Indoor Schefflera arboricola Plant Care – Keep your Umbrella Tree happy

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The Umbrella Plant or Dwart Umbrella Tree (Schefflera arboricola) gets its name from the look of its long oval leaves, growing in an umbrella-like circular cluster.

It is a wonderful plant to keep indoors. Scheffleras are easy to care for, fast-growing, can handle a little neglect, and purify the air!

How to care for an Umbrella Plant. Variegated Schefflera arboricola.
Variegated Schefflera arboricola umbrella plant

Schefflera Care Tips

Umbrella plants are a great choice for beginner plant parents or to keep in places like offices and dorm rooms. Low maintenance, they can handle being in low light, or you forgetting to water it every once in a while.

These plants originate from Taiwan and are part of the Araliaceae plant family.


The best location for your Schefflera is somewhere where it gets plenty of bright indirect light. Therefore, if you can provide light, definitely do so.

Your umbrella plant can survive in low light locations. Just be aware that your plant will most likely grow slower and could get very leggy if it doesn’t get enough light.

It likes to be within a few feet of a sunny window. Some direct sunlight is okay, but limit it to not more than a few hours, and watch out for hot midday sun. Too much can burn the leaves.

Protect your plant from the sun during the hottest hours of the day by making a quick and easy DIY window sun diffuser.

Variegated / non variegated: Schefflera plants with creamy variegated leaves need more light than the solid green variety.


In spring and summer, when your Schefflera is actively growing, water your plant frequently to keep the soil slightly moist. Water less in winter.

No worries if you happen to forget to water your plant on occasion. These plants can handle being under-watered for a little while.

Scheffleras aren’t as okay with being overwatered so be careful. Watering too often can result in root rot.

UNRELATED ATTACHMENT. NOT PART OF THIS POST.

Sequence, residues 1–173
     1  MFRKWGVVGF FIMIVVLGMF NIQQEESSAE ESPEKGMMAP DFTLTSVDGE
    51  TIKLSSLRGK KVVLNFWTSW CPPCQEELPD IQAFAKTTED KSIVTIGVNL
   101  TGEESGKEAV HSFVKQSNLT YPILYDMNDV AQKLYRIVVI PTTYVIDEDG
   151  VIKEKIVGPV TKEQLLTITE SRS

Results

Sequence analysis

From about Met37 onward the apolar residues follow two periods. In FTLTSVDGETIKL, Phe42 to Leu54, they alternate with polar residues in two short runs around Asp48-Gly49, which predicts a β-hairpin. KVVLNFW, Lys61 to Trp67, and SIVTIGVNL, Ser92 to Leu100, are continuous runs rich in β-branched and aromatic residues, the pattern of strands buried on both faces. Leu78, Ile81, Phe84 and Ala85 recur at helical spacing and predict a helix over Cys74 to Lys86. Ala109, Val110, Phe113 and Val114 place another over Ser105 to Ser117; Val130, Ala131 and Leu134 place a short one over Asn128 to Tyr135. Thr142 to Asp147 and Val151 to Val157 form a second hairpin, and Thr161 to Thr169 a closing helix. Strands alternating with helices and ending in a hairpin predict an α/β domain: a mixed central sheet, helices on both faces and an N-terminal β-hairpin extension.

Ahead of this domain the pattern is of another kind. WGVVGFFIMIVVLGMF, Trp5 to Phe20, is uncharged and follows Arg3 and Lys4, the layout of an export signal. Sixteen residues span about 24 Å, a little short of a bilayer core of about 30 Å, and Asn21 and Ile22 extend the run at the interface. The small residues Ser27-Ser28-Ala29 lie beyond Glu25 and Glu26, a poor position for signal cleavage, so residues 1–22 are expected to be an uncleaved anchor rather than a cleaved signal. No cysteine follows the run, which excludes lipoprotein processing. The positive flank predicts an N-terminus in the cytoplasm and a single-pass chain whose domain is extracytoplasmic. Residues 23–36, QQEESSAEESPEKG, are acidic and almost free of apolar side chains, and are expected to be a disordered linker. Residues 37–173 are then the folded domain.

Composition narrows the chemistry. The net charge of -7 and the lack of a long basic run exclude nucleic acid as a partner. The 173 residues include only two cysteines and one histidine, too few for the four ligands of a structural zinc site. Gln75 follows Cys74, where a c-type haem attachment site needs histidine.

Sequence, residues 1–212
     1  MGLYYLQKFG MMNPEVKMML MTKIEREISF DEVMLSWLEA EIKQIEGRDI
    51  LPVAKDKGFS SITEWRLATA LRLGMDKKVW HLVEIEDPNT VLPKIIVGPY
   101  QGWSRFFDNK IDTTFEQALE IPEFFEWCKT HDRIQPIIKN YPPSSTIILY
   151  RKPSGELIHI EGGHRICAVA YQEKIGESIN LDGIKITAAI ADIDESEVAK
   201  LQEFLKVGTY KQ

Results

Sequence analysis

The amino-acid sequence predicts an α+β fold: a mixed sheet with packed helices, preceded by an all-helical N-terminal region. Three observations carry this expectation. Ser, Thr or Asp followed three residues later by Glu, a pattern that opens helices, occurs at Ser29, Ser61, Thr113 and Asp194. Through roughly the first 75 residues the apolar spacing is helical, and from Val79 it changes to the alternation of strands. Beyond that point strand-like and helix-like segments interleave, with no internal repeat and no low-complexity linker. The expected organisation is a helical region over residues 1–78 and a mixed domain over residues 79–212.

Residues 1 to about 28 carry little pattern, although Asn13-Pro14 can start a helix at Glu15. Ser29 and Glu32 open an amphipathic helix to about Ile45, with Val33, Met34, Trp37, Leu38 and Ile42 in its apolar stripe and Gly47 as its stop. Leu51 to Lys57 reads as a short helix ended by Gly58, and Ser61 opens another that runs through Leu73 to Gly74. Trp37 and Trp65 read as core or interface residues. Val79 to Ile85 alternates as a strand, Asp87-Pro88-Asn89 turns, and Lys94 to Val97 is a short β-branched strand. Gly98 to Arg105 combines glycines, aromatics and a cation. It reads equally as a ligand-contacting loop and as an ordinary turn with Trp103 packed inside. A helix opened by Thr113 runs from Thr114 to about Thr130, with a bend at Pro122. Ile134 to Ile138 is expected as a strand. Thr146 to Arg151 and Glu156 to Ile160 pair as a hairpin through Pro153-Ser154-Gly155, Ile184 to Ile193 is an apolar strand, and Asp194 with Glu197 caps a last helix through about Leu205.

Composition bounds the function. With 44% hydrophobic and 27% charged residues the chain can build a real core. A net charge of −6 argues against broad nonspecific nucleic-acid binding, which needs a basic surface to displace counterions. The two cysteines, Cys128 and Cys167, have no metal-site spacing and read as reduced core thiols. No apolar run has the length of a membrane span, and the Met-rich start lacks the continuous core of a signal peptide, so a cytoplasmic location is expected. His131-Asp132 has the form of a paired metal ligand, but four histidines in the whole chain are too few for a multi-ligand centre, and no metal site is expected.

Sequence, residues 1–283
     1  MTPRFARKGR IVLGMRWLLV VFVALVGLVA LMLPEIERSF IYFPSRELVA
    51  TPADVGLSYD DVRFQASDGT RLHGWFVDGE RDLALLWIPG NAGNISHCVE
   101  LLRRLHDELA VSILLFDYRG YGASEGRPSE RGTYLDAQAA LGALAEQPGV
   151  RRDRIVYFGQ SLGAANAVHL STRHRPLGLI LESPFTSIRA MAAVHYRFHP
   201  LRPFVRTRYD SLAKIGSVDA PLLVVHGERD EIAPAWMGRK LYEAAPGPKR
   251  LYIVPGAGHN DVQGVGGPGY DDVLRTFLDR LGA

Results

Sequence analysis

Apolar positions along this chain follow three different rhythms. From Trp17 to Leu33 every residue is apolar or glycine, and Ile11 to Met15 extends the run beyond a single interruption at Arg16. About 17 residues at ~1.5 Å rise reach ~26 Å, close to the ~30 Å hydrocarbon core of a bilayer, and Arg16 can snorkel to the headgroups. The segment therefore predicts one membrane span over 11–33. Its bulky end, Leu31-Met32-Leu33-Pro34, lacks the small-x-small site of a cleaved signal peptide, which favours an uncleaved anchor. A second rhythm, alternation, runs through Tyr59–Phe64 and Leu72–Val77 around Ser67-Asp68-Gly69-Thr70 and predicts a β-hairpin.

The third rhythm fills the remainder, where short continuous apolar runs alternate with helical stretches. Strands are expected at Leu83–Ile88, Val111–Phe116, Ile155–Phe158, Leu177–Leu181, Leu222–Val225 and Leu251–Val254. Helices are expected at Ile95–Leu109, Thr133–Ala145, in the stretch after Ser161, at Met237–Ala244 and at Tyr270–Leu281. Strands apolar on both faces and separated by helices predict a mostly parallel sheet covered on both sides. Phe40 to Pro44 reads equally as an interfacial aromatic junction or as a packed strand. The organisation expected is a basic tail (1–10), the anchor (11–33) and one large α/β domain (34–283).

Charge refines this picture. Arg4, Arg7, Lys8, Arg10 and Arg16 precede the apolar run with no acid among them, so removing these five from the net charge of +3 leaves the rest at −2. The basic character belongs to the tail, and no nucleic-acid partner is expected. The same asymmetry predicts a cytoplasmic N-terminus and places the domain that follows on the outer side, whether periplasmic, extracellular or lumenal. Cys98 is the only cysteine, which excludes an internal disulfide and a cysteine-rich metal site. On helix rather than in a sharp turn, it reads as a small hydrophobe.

Water with lukewarm water when the leaves start wilting or the top inch of the soil is nearly dry. Just stick your finger into the soil to check.

If you have a bright bathroom, your Schefflera will be very happy there. Since these plants come from tropical places, they are used to living in high humidity. The steam from the shower will provide your plant with the humidity it loves.


Schefflera plants are fast growers and work really hard during the growing season. Help your plant by fertilizing weekly from early spring through summer.

Don’t fertilize in the fall and winter. Give your plant some time to rest.

How to Prune and Propagate

If you have a fast-growing single-stem Schefflera, it can get leggy or too tall pretty quickly. When this happens, go ahead and prune your plant. Schefflera plants can handle a severe cutting back.

Don’t expect your Schefflera to branch out where you prune the tip off. Instead, it will usually grow just one new stem from where you made the cut.

What can happen with a vigorous pruning, is that the stem will send energy to the lower part, activating dormant buds, and make them branch out.

You can always plant your cutting into the pot next to the original plant. That way there are two stems in one pot, making it a shorter, fuller plant instantly.

Caution! The sap of the Schefflera is slightly toxic and could irritate your skin. Be careful when pruning, or wear gloves.

If you want to propagate the piece you are removing, make your cut below a leaf node, where the stalk connects the leaves to the main stem.

Remove two or three leaf stems from the bottom and either root the cutting in water, or apply a little rooting hormone and plant it straight in slightly damp soil.

If you have a large cutting, you could even cut that one piece into several parts.

Don’t worry if it takes a while before roots grow. This is normal. Just be patient. It could take a month, maybe two… just wait. It will happen. Keep changing the water regularly if you have your cutting in water.

Transfer your cutting to soil when the roots are at least about 2-3 inches.

To have your Schefflera branch out, you can do something called defoliating. Removing all leaves during the active growing season. This will promote branching out and will result in smaller leaf size when new growth returns. Defoliation is often seen when dwarf Scheffleras are grown as bonsai trees.


Repot your Schefflera when it gets too big for its pot, if not, at least every three years. By that time the soil will be depleted of nutrients and could use a freshen up.

Spring is usually the best time to repot your plant. Schefflera plants don’t go completely dormant in winter, but still, it will be full of energy at the start of the sunnier season.

Repot into a pot one size bigger. Too large of a pot makes proper watering harder and overwatering more likely. Make sure the pot has drainage holes on the bottom.

Schefflera plants like fast-draining soil. Add perlite or pumice to your soil to make it really airy.

Green Schefflera arboricola plants. Umbrella plant care. Easy, fast growing, air purifying.